Sep 11 2023
Senior VP- EdTech Solutions
Instructional design is an umbrella term that covers multiple aspects of analyzing learning and performance problems and identifying development, design, implementation, evaluation, and management of resources and processes to improve learning and performance. In universities, instructional designers (IDs) work alongside subject matter experts (SMEs) to create teaching and learning resources to ensure program quality. They train the stakeholders and manage collaborations with students and staff.
Educational delivery methods have rapidly transformed since 2020, and instructional designers are key to enabling faculty instructions to adopt new-age teaching methodologies.
University instructional designers must incorporate the institution’s culture to create educational resources. They must consider various stakeholders like management, faculties, subject matter experts, and learners. Some of the key responsibilities of instructional designers in universities are:
In futuristic universities, instructional designers become change agents by combining content, technology, and pedagogical best practices. They are integral to the success of education and ensuring quality.
Based on the education universities offer, instructional designers should create different learning products like instructional manuals, online courses, video tutorials, interactive animations, learning simulations, etc. Higher-education instructional designers will focus on designing, developing, and modifying courses using learning management systems (LMS). More than 60% of instructional designers feel a master’s degree is required.
In higher education, instructional designers (IDs) must deal with the gap between their training and activities to implement fundamental changes. Some challenges they deal with are:
Many institutions create the role of instructional designers without clarifying the roles they need to play within the organization. Many stakeholders are unsure of IDs’ value to the curriculum. In many places, they are underutilized and undervalued. Instead of looking at instructional designers as academic partners, many consider them support staff.
IDs have trouble collaborating with faculty SMEs because they explore the private culture of teaching and learning and make learning accessible. There is always a power differential between faculties and IDs. Many faculty members worry about losing their academic autonomy by partnering with IDs.
IDs are experts in teaching and learning technologies. However, they are not experts in multiple disciplines. The pedagogical assumptions force IDs to adapt to the culture of the discipline to work with multiple belief systems. The values and motivations of SMEs and instructional management may misalign with an ID’s commitment to developing quality learning experiences.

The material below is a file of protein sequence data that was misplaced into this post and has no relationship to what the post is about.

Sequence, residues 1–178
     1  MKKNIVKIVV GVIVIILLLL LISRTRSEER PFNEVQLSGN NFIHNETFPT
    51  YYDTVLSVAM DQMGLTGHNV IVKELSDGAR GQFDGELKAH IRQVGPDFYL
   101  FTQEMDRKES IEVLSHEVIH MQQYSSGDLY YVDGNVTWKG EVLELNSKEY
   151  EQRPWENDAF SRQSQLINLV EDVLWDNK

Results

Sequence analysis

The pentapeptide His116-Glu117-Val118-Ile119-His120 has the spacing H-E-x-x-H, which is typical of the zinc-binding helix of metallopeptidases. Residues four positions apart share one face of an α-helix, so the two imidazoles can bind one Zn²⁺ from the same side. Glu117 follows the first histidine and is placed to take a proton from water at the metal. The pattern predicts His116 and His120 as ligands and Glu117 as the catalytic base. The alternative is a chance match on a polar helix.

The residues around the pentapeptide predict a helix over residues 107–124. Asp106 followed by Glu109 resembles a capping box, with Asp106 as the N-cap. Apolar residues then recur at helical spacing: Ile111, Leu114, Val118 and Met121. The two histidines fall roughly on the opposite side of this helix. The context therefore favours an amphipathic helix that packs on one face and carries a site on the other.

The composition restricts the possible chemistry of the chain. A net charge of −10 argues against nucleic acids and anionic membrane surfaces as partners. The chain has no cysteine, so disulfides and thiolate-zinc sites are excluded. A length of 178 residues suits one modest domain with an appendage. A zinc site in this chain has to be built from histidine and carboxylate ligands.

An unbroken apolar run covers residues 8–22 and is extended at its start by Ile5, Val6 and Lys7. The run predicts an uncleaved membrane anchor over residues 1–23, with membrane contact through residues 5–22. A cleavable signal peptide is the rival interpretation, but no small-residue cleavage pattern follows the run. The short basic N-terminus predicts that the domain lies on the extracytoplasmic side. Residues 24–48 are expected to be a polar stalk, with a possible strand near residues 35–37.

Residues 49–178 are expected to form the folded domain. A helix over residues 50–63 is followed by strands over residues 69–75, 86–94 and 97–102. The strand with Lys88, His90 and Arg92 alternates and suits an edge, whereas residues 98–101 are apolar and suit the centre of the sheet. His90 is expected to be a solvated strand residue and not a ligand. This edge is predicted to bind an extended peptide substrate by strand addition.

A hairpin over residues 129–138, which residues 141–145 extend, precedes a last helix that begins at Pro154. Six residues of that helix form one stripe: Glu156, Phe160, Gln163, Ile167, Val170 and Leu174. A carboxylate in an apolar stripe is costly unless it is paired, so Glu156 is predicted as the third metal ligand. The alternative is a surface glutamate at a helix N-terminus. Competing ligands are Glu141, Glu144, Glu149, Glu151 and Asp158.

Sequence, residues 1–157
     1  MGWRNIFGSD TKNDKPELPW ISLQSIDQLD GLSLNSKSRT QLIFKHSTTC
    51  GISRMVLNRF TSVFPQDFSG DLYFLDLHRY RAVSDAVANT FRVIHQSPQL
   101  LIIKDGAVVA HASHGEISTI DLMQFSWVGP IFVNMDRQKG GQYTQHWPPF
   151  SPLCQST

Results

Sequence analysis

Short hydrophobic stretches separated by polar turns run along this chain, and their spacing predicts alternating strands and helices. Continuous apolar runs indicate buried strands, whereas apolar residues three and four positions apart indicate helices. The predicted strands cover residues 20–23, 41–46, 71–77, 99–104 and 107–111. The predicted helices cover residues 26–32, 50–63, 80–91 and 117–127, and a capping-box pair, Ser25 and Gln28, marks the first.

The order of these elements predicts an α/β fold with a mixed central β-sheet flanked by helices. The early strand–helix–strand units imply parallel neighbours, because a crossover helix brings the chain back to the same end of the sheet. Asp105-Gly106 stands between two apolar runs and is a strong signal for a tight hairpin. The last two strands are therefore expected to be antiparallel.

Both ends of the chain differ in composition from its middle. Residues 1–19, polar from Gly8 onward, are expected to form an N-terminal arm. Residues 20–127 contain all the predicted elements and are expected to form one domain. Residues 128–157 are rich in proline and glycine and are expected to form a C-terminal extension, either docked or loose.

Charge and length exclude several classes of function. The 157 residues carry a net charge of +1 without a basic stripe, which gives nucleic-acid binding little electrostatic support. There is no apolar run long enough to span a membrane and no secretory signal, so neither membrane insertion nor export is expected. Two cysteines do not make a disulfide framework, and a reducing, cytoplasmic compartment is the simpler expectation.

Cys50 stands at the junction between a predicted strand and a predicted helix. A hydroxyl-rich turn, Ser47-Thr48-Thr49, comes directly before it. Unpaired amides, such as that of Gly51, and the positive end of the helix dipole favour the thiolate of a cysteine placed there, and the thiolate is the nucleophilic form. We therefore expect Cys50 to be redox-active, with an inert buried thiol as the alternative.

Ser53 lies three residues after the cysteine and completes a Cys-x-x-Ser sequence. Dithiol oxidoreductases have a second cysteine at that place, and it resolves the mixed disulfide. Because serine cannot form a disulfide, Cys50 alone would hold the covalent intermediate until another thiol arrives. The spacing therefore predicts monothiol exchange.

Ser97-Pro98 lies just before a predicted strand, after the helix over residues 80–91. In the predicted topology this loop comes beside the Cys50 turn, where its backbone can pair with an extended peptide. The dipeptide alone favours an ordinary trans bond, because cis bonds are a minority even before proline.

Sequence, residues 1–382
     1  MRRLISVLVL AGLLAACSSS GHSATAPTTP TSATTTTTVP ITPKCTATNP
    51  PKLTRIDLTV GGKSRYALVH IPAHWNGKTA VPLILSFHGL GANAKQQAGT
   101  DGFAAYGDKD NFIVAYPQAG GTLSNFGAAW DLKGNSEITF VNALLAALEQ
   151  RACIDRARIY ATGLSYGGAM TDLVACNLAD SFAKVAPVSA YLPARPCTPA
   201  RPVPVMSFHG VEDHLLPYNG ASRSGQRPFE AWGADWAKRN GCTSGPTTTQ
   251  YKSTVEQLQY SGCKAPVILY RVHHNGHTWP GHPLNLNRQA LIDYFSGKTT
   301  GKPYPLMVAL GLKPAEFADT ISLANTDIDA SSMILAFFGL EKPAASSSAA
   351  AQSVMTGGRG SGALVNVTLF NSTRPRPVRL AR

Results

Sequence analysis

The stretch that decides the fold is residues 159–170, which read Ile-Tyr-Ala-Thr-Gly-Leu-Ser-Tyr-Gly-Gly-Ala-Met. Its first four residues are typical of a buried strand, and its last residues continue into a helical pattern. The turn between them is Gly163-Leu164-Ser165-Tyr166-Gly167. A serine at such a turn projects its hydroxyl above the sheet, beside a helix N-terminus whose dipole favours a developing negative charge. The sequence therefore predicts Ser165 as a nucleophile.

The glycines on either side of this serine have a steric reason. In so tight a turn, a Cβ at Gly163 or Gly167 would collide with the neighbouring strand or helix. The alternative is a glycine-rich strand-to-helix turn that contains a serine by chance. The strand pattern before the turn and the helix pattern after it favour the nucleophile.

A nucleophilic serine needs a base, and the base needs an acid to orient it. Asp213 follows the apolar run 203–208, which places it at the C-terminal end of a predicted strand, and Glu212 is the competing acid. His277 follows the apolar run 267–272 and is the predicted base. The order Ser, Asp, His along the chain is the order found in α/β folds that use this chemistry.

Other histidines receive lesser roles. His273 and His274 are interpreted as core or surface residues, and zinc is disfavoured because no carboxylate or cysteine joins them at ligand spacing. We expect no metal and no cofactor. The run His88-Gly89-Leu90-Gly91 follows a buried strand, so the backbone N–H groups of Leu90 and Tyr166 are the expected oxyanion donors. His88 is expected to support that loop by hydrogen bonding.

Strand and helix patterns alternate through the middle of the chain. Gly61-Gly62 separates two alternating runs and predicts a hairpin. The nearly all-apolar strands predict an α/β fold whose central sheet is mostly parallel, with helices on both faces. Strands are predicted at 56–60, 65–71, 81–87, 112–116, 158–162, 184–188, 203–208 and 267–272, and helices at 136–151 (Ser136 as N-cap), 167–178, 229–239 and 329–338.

Implementing campus-wide reformation in learning technologies requires many resources, which may not be available in higher-education institutions. Technology adoption may be slow when these institutions shift toward a blended and online educational model. IDs have no role in decision-making, making organizations value technology less.
IDs must collaborate with faculty to train them to use the best instructional model. Educating them on the design frameworks and working with them through input and feedback to upgrade the instructional model requires the SMEs to spend their hours with IDs. When SMEs don’t work with IDs without institutional incentives, IDs may not complete the projects. About 80% of IDs face challenges concerning shared vision with SMEs.
When universities offer personalized educational courses, IDs have to create accessible instructional materials that all learners can access. This requires IDs to be aware of enabling accessibility while keeping the content engaging. This lengthens the design process.
Pedagogical approaches and technologies are constantly evolving and changing in the educational landscape. Instructional designers are expected to create effective learning experiences using the latest trends. Staying updated about the e-learning industry will become a major differentiator while creating successful courses.
The field of instructional design is rapidly evolving with the latest technologies, such as AI and VR. Simulations are now an integral teaching tool that can help learners from different backgrounds grasp concepts quickly. IDs must use these technologies to provide a better learning experience for diverse populations. The mobile-first approach is increasingly followed as users prefer accessible and on-demand content. Incorporating storytelling strategies will help instructional designers create game-based and social learning materials that resonate with young learners.